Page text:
Quito: It was also where we met our favorite co-conspirator Kristen Parker Lovell, who does HIV testing at Sylvia’s Place and whose activism roots from when Sylvia Rivera was still around and mentored her. Kristen was the chaperone of the group from Sylvia’s, and is also a pretty amazing artist and performer herself (with a real flair for the video selfie). We wound up spending a bunch of time together at the craft shack, which is when we discovered our shared love of scheming for revolutionary purposes. This is also where we met Ky’iera Campbell, another dear collaborator who was working with Kristen on Trans in Action (a trans empowerment and education group based at Sylvia's Place) at the time and eventually became one of the stars of my movie.
Ethan: We ran the craft shack for two summers at Easton, and this summer the young people will be running it themselves with my help. Quito will be co-directing the camp. It was and is a truly inspired program, and the amount of talent these young people have is astounding. When we came back to NYC, Travis Laughlin from the Joan Mitchell Foundation, who provided a grant to support AITW, invited us to bring the magic of the “Craft Shack” to the Foundation’s new Education & Research Center. We started doing the WERRRQSHOP in October 2014.
Quito: When I first met the young people in 2013, I was nearing the end of three complicated years of transience, myself. At Easton, I found myself bonding with them through our strikingly parallel, yet critically different experiences. Most people arrive at transience, or homelessness, through circumstances far less voluntary/far more systemic than mine. I had the privileges of broad social networks, some scattered sublets, advanced degrees, white skin and 20 years of independent living. Yet there were elements of our experiences and exhaustion that were very much common. I was really moved by the stories I heard—and it got more intense later in the week when Islan Nettles was killed, and we addressed it in the woods as a community.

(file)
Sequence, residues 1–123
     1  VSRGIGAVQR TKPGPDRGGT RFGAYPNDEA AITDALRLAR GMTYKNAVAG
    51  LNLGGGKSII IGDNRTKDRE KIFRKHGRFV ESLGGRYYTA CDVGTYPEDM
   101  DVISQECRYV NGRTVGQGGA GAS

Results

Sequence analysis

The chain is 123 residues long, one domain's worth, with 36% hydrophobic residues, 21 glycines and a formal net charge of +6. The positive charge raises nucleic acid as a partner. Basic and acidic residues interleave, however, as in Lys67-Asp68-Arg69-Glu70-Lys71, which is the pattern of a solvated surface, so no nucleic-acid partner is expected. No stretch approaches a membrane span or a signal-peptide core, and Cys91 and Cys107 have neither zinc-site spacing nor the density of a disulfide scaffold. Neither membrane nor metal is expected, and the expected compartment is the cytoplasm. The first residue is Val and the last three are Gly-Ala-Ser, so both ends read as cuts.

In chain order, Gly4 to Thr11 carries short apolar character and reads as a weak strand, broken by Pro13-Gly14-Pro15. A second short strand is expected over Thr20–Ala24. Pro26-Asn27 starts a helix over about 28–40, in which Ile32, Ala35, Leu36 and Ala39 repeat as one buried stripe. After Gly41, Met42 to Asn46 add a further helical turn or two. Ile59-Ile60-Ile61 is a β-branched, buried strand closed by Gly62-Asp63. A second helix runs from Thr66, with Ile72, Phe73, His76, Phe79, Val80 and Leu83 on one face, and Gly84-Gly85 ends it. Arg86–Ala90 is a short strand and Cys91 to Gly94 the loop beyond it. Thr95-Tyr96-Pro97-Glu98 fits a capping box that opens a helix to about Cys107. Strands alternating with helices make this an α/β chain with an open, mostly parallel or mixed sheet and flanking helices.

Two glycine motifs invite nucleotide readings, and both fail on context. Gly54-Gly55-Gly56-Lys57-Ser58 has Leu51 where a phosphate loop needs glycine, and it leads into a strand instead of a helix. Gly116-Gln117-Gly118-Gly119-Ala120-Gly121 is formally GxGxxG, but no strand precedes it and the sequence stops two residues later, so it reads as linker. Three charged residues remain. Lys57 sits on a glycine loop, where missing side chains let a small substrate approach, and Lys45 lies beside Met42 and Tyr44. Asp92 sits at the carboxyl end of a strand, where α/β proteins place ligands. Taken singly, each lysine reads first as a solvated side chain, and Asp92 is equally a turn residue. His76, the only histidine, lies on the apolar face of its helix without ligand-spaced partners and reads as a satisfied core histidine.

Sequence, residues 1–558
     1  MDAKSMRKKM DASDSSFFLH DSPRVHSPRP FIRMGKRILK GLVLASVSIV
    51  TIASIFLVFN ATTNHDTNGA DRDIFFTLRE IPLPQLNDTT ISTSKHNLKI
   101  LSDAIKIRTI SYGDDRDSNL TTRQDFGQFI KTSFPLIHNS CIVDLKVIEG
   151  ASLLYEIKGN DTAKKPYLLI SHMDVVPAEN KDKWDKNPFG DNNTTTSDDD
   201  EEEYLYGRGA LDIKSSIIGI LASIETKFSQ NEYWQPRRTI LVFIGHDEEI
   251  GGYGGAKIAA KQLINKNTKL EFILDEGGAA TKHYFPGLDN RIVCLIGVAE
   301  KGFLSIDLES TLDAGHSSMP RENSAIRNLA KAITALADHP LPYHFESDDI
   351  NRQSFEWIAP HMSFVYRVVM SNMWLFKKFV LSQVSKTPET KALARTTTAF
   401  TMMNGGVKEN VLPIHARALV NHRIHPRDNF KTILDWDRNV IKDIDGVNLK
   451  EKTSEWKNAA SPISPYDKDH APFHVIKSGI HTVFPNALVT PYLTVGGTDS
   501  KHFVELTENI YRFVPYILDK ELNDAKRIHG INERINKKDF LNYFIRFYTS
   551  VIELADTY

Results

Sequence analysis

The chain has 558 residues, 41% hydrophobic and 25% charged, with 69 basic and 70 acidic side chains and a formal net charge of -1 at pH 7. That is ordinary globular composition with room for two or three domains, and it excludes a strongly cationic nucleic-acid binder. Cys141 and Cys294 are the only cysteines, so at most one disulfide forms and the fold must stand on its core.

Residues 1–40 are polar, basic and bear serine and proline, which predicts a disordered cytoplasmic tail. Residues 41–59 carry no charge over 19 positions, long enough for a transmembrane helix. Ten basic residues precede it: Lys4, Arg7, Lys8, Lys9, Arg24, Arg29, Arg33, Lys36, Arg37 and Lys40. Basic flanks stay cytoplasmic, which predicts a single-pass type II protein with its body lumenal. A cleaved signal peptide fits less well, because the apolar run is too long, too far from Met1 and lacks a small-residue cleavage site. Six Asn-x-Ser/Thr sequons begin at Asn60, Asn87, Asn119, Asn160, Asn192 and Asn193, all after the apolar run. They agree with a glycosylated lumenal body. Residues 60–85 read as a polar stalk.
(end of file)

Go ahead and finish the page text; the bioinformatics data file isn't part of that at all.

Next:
Upon return to NYC, I felt like I couldn’t just drop the relationships we had opened up at the Craft Shack so I started spending time at Sylvia’s Place. I made a 3-year commitment to apply my energies towards developing sustainable projects that would support the young peoples' survival and growth. Kristen has been on staff at Sylvia’s for eight years, and we started scheming about the best ways to start connecting the tight networks of young homeless queers with the interconnected queer communities that Ethan and I are a part of.
Eventually we hit upon the “winning” formula of the Thursday night Family Dinners program, where a group of volunteers, staff and former clients make dinner and eat together at the shelter with the current residents there. Cooking skills and recipes are shared across generations and cultures, young people and former clients and queers of all stripes have space to be together, and we all eat REALLY well. It’s kind of a beautiful phenomenon on a lot of different levels.
The WERRRQSHOP is a way for us to continue building these relationships and interconnect our networks and provide mentorship for the young people in their artistic development, which all contribute to movement-building in the long run.
For the rest of the interview, click here.